“I had tough competition,” Gillis said. “It was a repeat of last year.”

Ryan McKenzie of Ottawa struggled with the humidity early in the men’s five-kilometre race, but he finished first and also won the Canadian Forces championship in 15:04.2 ahead of Charles Allan of Wolfe Island, Ont., (15:38.2) and Mathew Setlack of Ottawa (15:41.8).

“I’m not taking anything away from the other runners, but I felt absolutely horrible,” said McKenzie, who is preparing for the 2011 world military championships in Brazil. “It got humid and my chest tightened up.”

He started to feel better after three kilometres and owned a sizable lead at the same time.

“I had to run through it,” the military police officer said. “You either finish or collapse. It felt great to bring it home for the military.”

Leah Larocque of Kanata continued her success at the Ottawa Race Weekend by winning the women’s race in 17:32.0 ahead of Ioulia Nikonorova of Kanata (17:40.0) and Georgette Mink of Ottawa (17:43.2).

Competing in the Ottawa Race Weekend two-kilometre race for the fourth time, Antoine Laforte of Neuville, Que., which is west of Quebec City, broke seven minutes for the first time to win in 6:56. He is 12 years old. Alexander Astell of Ottawa was second in 7:12.5. Samuel Desjardins of Gatineau placed third in 7:14.8.

“I don’t know what to say,” a beaming Antoine said through race media relations co-ordinator Annie Boucher. “I’m very happy.”

Antoine’s entire family was competing in various weekend races and they also used the trip to visit relatives in Gatineau.

The top three in the women’s race were Marie-Piere Cloutier of Gatineau (7:17.5); Myriam Chenier of Masson (7:29) and Carolyn Godon of Gatineau (7:34.9).

Ottawa Race Weekend Results, Saturday, May 28, 2011



1. Deriba Merga, Ethiopia, 28 minutes, 30.3 seconds;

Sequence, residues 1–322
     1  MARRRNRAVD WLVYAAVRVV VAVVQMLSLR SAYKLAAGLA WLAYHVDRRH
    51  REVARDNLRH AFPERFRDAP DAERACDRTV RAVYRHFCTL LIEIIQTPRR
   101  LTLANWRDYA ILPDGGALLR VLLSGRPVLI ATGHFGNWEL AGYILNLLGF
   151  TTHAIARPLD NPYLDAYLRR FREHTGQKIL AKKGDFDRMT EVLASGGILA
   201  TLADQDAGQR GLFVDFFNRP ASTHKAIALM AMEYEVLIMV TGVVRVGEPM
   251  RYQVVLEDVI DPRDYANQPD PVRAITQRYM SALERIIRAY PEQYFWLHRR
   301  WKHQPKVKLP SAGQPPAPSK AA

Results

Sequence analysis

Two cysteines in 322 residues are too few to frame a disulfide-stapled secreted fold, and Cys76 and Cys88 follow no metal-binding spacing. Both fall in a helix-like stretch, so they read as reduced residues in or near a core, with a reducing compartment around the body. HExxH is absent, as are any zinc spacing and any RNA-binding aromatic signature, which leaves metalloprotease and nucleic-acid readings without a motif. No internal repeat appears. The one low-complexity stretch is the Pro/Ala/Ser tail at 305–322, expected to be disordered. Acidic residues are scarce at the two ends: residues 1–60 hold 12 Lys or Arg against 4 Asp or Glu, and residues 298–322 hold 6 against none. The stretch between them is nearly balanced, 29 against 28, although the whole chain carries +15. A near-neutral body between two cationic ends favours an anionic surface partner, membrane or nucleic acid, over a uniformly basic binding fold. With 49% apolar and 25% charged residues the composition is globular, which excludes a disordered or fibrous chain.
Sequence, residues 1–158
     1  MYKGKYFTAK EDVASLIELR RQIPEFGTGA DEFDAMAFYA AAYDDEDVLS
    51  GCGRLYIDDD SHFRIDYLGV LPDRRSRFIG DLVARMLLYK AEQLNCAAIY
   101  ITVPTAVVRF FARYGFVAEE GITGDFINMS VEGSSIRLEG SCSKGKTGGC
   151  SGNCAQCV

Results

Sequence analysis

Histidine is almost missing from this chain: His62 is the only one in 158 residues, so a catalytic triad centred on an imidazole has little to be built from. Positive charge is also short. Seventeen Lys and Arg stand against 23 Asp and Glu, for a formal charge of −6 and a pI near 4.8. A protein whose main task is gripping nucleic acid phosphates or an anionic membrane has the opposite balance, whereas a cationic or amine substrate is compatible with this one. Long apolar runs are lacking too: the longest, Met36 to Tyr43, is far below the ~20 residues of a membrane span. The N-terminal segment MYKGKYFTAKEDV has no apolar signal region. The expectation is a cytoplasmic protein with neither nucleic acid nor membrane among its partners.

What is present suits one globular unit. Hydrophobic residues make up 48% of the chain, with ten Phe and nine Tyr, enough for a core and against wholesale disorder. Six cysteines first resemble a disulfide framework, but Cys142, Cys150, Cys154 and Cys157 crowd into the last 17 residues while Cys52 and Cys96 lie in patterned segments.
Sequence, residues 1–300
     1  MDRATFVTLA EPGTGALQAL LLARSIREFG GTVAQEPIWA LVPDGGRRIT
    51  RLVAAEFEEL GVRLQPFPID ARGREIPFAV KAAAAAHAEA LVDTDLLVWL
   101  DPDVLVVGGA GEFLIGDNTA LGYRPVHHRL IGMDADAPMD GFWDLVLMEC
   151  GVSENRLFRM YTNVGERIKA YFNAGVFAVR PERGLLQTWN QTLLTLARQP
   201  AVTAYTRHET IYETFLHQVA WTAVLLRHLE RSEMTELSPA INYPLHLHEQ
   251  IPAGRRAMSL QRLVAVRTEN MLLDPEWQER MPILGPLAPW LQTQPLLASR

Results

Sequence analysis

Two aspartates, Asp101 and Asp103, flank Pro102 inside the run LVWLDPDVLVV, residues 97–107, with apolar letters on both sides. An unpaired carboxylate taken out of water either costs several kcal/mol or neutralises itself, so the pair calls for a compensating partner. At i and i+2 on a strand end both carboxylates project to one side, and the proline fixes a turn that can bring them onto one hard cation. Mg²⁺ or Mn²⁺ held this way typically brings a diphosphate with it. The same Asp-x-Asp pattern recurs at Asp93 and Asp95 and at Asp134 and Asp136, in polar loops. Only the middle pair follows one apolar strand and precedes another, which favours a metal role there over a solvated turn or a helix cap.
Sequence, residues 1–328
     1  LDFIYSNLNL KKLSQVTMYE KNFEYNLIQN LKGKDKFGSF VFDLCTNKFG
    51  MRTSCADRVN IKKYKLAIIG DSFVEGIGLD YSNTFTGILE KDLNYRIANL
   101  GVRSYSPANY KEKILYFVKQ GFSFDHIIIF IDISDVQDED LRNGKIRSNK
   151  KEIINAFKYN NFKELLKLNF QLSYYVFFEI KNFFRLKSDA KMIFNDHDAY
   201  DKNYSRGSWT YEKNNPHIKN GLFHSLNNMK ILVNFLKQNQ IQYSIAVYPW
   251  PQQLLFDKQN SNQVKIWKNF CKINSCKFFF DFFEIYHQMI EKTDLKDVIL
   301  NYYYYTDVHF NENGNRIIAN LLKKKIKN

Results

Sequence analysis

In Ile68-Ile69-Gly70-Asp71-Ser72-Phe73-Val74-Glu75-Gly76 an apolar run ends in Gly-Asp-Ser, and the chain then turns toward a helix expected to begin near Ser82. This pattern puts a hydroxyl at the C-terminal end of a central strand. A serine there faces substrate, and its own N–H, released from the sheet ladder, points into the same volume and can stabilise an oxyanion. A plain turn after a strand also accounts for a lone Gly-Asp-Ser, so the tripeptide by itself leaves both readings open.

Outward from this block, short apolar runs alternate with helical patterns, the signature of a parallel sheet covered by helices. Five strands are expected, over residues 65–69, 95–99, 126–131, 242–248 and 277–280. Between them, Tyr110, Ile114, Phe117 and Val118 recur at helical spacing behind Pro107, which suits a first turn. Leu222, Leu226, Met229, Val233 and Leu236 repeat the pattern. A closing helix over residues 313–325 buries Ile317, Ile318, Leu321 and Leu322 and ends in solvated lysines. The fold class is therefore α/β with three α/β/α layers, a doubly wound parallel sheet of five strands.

2. Wesley Korir, Kenya, 29:00.3;

3. Ryan Vail, USA, 29:09.0;

4. Eric Gillis, Guelph, 29:15.1;

5. Mohamed El Hachimi, Morocco, 29:18.4;

6. Nicholas Kurgat, Kenya, 29:20.0;

7. Matthew Loiselle, Toronto, 29:22.1;

8. Rejean Chiasson, Ottawa, 30:05.8;

9. Dylan Wykes, Vancouver, 30:17.3;

10. Rob Watson, Guelph, 30:23.6.


1. Dire Tune, Ethiopia, 31:43.2;

2. Samira Raif, Morocco, 32:47.8;

3. Ejegayehu Dibaba Keneni, Ethiopia, 32:57.9;

4. Hyvon Ngetich, Kenya, 33:41.7;

5. Aziza Aliyu, Ethiopia, 33:50.3;

6. Alemtsehay Misganaw, Ethiopia, 33:57.4;

7. Caroline Kirui, Kenya, 34:24.6;

8. Tarah McKay-Korir, Canada, 34:36.1;

9. Divina Jepkogei, Kenya, 34:38.4;

10. Hellen Jemutai, Kenya, 35:17.3.



1. Ryan McKenzie, Ottawa, 15:04.2;

2. Charles Allan, Wolfe Island, Ont., 15:38.2;

3. Mathew Setlack, Ottawa, 15:41.8;

4. Benjamin Brzezynski, North Bay, 15:43.3;

5. Nicolas Thouin, Gatineau, 15:48.8;

6. Kieran Day, Ottawa, 15:49.3;

7. Graydon Snider, Montreal, 15:54.6;

8. Alexandre Boule, Saguenay, 16:02.1;

9. Dany Racine, Victoriaville, Que., 16:02.5;

10. Karl Saidla, Chelsea, 16:02.8.


1. Leah Larocque, Kanata, 17:32.0;

2. Ioulia Nikonorova, Kanata, 17:40.0;

3. Georgette Mink, Ottawa, 17:43.2;

4. Daniele Riendeau, Ottawa, 17:51.4;

5. Jackie Bonisteel, Ottawa, 18:37.3;

6. Kelly MacDonald, Montague, Ont., 18:55.8;

7. Norma Wharton, New York City, 19:19.5;

8. Samantha Klus, Kanata, 19:27.4;

9. Nicole McTimoney, Ottawa, 19:27.7;

10. Alicia Fagan, Ottawa, 19:30.3.